My parents didn’t take us on (what I considered) real family vacations when we were small. With a stay-at-home mom, living off of one income, I’m sure it had more to do with the financial aspect than dealing with five kids in a car for any length of time. Although I don’t think we would have been disruptive or mischievous. After all, this was the 60s and we were too scared to be anything but quiet, well-behaved children. Well, until our parents weren’t around, then it was a free-for-all. Remind me one day to tell you about the fight between my older sister and younger brother that ranged all over our neighborhood and went on for hours. To this day, that fight is still being discussed in certain quarters.
Every summer, two or three of us would visit our grandmother in North Carolina whom we called Chocolate Grandma. (To distinguish between our two grandmothers, we called one Chocolate because she had dark hair and the other Vanilla because she had light hair. It never occurred to us to address each by a different moniker.)
These summer trips were an adventure because Chocolate Grandma’s lifestyle was so different from ours. She didn’t have a bathroom and we had to use the outhouse during the day and a chamber pot at night. The outhouse was behind the house and I was always scared walking up the path, expecting a snake to jump out and bite me. At night, it was so dark, you couldn’t see your eyeballs in front of your face, as my sister used to say. I always wanted to be on the outside of the bed, away from the wall, where I feared spiders lurked. We’d take baths in this huge metal container in the middle of the kitchen, our grandmother pouring warm water over us. She cooked with a wood stove and I remember helping her make biscuits and apple butter. She molded the biscuits by hand and always let me make my own, which was easy to tell; it was the flat one with pointy edges baked dark-brown. While making apple butter, I would eat my fill until I grew sick of it and now can’t tolerate the taste. She had a root cellar with rows of shelves lined with canning jars filled with food. It was dark and cool, but I refused to go inside after she told me she killed a copperhead in there. I don’t know if my great fear of spiders and snakes began with these visits to Black Mountain, NC but suspect so.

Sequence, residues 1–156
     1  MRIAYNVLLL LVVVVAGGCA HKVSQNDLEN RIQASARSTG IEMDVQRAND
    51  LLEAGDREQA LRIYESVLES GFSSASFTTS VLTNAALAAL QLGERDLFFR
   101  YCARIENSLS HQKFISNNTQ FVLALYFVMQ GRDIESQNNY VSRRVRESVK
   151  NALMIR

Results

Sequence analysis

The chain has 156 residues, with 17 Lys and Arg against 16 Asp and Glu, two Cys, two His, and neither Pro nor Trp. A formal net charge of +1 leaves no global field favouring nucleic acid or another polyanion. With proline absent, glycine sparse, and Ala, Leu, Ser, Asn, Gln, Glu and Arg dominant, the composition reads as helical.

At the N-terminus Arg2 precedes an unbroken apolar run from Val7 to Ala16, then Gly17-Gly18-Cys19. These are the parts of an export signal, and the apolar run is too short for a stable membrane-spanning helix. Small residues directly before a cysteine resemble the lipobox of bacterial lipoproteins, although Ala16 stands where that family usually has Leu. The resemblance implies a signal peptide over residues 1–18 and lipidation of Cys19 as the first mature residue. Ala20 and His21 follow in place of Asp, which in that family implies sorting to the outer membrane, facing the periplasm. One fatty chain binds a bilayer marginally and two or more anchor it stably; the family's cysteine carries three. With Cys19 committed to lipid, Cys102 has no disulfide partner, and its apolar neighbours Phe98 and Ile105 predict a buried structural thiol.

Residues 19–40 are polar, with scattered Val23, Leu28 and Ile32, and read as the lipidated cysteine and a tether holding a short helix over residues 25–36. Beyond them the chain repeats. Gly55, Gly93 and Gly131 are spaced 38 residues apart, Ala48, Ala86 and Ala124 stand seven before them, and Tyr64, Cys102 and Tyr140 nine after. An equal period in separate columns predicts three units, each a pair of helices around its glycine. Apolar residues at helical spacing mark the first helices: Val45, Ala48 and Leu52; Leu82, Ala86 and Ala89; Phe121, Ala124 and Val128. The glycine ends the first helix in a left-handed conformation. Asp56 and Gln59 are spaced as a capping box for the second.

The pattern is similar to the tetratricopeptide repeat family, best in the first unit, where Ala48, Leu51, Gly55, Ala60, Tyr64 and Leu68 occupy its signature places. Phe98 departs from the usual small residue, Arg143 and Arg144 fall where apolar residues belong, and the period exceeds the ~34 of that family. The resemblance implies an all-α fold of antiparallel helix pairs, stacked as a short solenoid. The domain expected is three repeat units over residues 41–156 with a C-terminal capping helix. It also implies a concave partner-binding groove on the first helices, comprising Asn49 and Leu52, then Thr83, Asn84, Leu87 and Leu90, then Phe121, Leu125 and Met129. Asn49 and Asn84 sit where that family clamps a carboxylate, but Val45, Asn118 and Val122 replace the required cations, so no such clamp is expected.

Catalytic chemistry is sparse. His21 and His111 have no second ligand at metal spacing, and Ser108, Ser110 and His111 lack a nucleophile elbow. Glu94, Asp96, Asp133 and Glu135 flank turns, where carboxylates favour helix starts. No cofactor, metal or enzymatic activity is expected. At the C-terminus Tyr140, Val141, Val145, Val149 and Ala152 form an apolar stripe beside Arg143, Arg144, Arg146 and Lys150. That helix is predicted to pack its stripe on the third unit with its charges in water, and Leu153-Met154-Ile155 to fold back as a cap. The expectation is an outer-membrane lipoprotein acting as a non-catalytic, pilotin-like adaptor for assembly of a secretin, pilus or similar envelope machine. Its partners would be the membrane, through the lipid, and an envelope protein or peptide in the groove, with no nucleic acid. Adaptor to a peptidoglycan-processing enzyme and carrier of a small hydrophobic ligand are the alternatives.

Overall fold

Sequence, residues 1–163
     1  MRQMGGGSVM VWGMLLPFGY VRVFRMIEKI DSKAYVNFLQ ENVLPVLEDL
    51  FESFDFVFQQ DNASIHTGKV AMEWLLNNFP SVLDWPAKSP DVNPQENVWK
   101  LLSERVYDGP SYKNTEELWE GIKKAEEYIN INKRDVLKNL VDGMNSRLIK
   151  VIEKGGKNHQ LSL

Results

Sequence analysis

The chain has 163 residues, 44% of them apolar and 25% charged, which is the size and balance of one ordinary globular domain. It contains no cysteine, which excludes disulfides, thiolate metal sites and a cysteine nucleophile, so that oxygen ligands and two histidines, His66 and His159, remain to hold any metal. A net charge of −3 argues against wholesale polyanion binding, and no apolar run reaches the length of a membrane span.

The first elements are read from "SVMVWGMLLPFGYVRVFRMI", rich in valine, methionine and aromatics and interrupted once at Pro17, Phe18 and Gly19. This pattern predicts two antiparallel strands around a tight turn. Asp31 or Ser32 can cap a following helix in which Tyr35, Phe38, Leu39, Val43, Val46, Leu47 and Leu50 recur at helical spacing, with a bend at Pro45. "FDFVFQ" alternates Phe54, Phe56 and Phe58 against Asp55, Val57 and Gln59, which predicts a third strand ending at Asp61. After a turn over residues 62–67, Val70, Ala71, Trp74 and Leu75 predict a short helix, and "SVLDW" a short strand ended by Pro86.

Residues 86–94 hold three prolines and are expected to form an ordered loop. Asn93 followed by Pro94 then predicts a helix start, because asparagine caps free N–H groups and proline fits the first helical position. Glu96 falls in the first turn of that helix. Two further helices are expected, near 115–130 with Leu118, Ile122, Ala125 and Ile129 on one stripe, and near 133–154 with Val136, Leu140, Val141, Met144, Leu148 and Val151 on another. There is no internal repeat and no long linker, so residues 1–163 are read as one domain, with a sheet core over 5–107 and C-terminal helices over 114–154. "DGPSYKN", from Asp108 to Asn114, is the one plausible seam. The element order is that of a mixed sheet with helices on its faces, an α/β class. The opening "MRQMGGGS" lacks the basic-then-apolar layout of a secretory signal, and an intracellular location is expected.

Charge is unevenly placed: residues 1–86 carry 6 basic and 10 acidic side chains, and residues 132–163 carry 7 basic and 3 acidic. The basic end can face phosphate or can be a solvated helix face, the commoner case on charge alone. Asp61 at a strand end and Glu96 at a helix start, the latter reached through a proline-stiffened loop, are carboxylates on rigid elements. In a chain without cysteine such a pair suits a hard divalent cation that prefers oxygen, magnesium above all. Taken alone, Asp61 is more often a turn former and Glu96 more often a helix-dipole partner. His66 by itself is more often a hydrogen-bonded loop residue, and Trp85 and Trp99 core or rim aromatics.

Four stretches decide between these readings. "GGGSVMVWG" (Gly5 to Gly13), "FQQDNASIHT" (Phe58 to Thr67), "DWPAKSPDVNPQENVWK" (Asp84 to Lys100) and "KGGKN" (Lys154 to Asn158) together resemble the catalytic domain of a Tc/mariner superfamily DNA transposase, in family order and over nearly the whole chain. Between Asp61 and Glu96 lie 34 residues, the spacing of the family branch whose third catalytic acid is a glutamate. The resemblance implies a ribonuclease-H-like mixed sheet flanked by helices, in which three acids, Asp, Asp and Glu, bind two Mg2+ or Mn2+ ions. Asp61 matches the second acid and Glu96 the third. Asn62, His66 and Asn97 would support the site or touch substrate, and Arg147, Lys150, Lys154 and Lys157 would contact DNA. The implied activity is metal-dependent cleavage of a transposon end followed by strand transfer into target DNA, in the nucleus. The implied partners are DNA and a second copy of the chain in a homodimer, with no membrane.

Chocolate Grandma loved to play the piano and I remember many times gathering around her piano and singing along to Ole Dan Tucker or He’s Got the Whole World in His Hands or You are my Sunshine, my grandmother bouncing in tune as she played, me belting out those songs, never wondering if I was off-key, as I do today, just enjoying that glorious moment.
My grandmother was married to a man we called Uncle Boyd, and I have no idea why we referred to him as “uncle”. He was my father’s stepfather and he was an enigma to me, a large, quiet man who spent his days on the front porch watching traffic go by on the road below while occasionally sipping from a flask. I don’t recall ever seeing him move from that spot. Don’t know how he got there or how long he stayed, don’t even recall where he slept, although I’m sure it was with my grandmother. To be honest, I don’t remember ever speaking to him, although I’m sure I did.